|That clause: partial sentence, expresses e.g. a belief (propositional attitude). This content is intensional, i.e. it is not objective. For some authors, the partial sentence "that it is raining" is the name of the sentence "It is raining"._____________Annotation: The above characterizations of concepts are neither definitions nor exhausting presentations of problems related to them. Instead, they are intended to give a short introduction to the contributions below. – Lexicon of Arguments. |
That-clause/Field: does not require a literal representation - e.g. "that snow is white" can be expressed in every language - speech-independent - then a language (Ms) with ""p" means that p" is a special case of the language (M) with ""e" (whereby e is a subsentential expression and means, for example, "dog." That is, "<>" is a formal representation of our normal means of meaning attribution - ((s) the expression in angle brackets is our own) - Scheme characters: "p" and "e" here in relation to an individual, i.e. idiolect.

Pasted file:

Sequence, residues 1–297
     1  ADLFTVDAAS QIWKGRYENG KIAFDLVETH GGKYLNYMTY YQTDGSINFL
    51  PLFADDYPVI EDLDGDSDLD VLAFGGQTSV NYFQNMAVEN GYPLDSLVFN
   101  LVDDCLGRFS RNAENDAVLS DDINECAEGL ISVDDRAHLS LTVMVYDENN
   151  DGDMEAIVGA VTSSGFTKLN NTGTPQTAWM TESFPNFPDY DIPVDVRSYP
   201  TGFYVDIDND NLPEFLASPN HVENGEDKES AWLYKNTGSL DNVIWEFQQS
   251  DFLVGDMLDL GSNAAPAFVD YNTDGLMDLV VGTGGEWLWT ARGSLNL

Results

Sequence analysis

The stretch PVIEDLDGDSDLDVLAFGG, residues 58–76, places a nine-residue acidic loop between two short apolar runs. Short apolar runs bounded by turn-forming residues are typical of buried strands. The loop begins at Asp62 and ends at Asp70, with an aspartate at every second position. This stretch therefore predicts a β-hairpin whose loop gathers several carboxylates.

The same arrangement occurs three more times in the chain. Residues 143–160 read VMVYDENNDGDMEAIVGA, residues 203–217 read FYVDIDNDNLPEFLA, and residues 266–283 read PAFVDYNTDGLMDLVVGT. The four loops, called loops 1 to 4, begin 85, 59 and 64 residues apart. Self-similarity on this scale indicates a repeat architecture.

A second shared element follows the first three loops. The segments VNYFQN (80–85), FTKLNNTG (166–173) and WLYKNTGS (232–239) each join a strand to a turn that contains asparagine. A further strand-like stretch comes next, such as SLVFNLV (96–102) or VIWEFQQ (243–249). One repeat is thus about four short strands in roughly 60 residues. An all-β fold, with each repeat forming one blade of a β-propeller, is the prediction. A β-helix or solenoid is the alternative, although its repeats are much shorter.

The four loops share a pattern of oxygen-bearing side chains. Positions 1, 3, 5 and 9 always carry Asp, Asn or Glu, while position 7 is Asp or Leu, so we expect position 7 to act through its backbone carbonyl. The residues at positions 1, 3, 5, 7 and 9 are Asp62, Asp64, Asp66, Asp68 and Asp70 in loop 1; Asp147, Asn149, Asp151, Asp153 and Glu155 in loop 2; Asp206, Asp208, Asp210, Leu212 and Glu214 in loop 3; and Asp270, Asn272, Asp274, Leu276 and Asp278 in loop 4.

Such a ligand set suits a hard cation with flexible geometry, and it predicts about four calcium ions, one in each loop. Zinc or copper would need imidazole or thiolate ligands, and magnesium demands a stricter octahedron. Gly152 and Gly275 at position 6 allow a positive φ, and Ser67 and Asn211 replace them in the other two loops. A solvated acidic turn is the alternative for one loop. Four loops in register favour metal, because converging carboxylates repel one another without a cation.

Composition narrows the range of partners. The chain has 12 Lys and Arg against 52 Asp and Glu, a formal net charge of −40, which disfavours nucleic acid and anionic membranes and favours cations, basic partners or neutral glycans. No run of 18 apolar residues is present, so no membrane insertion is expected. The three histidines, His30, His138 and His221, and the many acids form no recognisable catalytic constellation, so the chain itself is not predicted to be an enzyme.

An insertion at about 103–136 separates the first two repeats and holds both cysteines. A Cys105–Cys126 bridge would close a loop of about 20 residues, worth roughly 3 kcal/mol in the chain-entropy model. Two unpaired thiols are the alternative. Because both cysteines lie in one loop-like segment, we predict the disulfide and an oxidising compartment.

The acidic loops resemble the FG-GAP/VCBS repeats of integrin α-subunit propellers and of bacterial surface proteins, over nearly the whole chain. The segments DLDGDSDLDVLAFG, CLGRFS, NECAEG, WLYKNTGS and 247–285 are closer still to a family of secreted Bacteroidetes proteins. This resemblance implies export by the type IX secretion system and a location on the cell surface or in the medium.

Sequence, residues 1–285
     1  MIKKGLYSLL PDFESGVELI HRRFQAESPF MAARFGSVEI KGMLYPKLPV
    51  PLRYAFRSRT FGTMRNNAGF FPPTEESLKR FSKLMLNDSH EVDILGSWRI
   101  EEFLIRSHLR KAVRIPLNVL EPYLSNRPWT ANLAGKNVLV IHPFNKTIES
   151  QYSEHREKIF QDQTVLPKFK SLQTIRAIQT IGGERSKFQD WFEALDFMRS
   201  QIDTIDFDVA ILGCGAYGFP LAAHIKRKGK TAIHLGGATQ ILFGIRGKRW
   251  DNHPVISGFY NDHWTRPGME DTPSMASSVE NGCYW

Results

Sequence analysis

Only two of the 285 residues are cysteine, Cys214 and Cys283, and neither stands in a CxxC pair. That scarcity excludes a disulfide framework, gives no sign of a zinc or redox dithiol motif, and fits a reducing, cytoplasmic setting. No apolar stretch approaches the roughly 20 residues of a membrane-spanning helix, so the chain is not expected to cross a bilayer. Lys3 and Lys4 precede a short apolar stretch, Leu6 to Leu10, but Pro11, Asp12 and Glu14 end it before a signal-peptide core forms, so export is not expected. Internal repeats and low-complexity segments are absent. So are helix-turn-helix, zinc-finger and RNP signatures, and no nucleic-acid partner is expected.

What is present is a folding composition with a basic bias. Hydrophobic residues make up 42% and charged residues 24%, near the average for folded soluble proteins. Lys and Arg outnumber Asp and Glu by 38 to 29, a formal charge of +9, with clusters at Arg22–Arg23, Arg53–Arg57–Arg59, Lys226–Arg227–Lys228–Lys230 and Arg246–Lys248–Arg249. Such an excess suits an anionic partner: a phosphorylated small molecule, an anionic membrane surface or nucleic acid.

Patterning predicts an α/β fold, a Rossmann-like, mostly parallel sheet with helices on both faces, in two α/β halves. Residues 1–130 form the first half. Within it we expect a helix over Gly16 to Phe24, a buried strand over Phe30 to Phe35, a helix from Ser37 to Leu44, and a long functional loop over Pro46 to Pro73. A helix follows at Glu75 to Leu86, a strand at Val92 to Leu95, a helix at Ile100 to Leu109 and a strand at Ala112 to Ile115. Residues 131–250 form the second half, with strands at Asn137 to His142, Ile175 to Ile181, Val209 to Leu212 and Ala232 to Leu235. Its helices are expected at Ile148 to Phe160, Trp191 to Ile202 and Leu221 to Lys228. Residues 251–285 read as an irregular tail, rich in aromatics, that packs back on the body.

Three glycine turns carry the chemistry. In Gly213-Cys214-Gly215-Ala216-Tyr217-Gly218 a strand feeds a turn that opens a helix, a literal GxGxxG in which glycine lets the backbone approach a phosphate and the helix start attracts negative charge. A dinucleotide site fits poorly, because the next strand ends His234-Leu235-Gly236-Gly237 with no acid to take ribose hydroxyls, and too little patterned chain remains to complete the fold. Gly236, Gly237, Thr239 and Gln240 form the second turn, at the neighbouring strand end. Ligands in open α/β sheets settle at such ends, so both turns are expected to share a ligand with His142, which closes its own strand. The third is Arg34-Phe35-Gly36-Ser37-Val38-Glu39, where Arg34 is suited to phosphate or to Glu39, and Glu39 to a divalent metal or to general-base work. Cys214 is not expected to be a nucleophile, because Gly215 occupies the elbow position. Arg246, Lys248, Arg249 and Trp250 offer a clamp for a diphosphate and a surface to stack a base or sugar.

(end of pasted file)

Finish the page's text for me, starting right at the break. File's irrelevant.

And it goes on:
Then "that p as I understand it now" must not be a literal representation. - angle bracket: it cannot be shown that "metacompact" does not mean
that it means the same as "rabbit" as I understand it in the actual moment. - ((s) In the actual world, in my idiolect).
Angle brackets: for sentences, we can also assume that-clauses.
Understanding: For example, if I do not understand "grug", I will not accept the following: "grug" means
Realism, Mathematics and Modality Oxford New York 1989
Truth and the Absence of Fact Oxford New York 2001
Science without numbers Princeton New Jersey 1980
"Realism and Relativism", The Journal of Philosophy, 76 (1982), pp. 553-67
Theories of Truth, Paul Horwich, Aldershot 1994